Shielded by Grace


My family and I are very thankful for the encouraging reports of prayer being offered for my son and us from around the world. I think I have received notes from folks on almost every continent expressing their concern and assuring us of intercession being made for us. We have seen God’s hand in this and are grateful beyond words. Derek came home from the hospital this past Saturday, but still has a lot of healing up to do. An 80,000 pound truck doing 55 mph can do a lot of damage to your body, so it is quite amazing that he is doing as well as he is. There are still issues, but it looks like his body is healing up well.

Times like this, at least for me, lead to a lot of wrestling with how to communicate effectively what we know and believe as it is fleshed out in our experience. One phrase that I have used regularly is that “God graciously protected my son’s life.” I am not sure what others are thinking when they hear the word “graciously” in that statement. What I mean by it is that God did something for him and us that we don’t deserve. God showed him and us grace in how He protected him from far greater injury, and He especially showed grace to us in sparing his life.

It is gracious precisely because it came from God freely. He was not obligated to protect him in this way. Derek’s life is God’s, bought by the blood of Jesus Christ, so He has the right to use Derek in whatever way He deems right. If He had permitted his life to end or to face far graver injury, there would be no wrong in God for allowing it. There is nothing in us that deserved some better outcome than others have experienced. It is foolishness, biblically and theologically, to think this outcome is tied in some way to some merit in my son or our family. Why does Peter walk out of jail, but James gets beheaded? Not because Peter deserved it and James didn’t. God simply had different plans for their lives. The Sovereign Lord wanted to magnify His own name through the martyrdom of one and the continued ministry of the other.

I have to admit that I flinch a little when I magnify God’s kindness to us in this circumstance precisely because I know godly people who have faced similar circumstances and their child didn’t survive or experienced more permanent damage. What caused the difference between the outcomes? The sovereign hand of God, not any worthiness or merit in my son or us. Just like with Peter and James, God has different plans for magnifying Himself for different individuals and families.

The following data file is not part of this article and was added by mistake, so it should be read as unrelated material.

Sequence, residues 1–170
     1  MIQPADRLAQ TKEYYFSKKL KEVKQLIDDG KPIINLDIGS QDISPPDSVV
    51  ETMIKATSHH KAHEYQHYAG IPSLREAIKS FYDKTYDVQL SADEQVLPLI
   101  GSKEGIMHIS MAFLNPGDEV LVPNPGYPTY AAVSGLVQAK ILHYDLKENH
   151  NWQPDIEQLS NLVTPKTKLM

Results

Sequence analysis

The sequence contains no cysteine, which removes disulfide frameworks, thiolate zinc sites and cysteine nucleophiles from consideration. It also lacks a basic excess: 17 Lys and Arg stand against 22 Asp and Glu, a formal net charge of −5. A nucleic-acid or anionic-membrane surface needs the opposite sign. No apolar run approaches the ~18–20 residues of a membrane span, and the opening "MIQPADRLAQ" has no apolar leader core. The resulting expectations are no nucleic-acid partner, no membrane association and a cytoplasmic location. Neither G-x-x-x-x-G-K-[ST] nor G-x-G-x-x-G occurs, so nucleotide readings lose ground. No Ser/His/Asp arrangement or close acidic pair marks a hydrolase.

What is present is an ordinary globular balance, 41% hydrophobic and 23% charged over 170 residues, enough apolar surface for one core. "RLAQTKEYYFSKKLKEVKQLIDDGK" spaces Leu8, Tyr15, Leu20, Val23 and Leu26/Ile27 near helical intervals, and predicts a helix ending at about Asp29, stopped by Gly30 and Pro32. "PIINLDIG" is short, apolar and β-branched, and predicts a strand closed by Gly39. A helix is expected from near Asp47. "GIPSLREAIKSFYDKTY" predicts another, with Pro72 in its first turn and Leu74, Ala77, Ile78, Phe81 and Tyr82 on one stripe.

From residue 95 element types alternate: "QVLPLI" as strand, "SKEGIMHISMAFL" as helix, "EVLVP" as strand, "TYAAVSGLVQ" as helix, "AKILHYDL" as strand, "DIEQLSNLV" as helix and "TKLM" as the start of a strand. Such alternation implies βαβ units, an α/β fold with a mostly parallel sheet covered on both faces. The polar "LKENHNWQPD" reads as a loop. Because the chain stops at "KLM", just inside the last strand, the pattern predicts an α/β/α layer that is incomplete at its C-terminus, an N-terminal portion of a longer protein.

The fact is that God is in control of all things, so that means He could have prevented the truck from hitting my son altogether had He so chosen. He didn’t because He has something that He wants to accomplish in Derek’s life (and our family’s and among those around Derek’s life). But please don’t assign grandiose meaning to those words “He has something He wants to accomplish in Derek’s life”–I mean simply that this very trial Derek is experiencing is another opportunity for him (and those around him) to grow in grace and serve Christ.

Surviving this accident is not some heavenly sign of future greatness. He’s alive today because of God’s grace, but here’s the newsflash–so are you. That one person survives and another doesn’t means that God’s plan for the one’s life was complete and the other’s isn’t. The difference is in God’s will, not the value or merit of the people.

So, I live feeling the tension that we are to rejoice in God’s kindness and mercy that has been graciously provided, but we must do so in a way that recognizes that God has not in any way been unkind, merciless, or lacked grace toward those for whom He had different plans. Since the outcomes were not based in the merit of the recipient, but in the sovereign plan for the God who can be trusted, we bow the knee in worship regardless of outcome. He knows and does what is best for His own glory and the good of those who have been redeemed by the blood of the Lamb. SDG.

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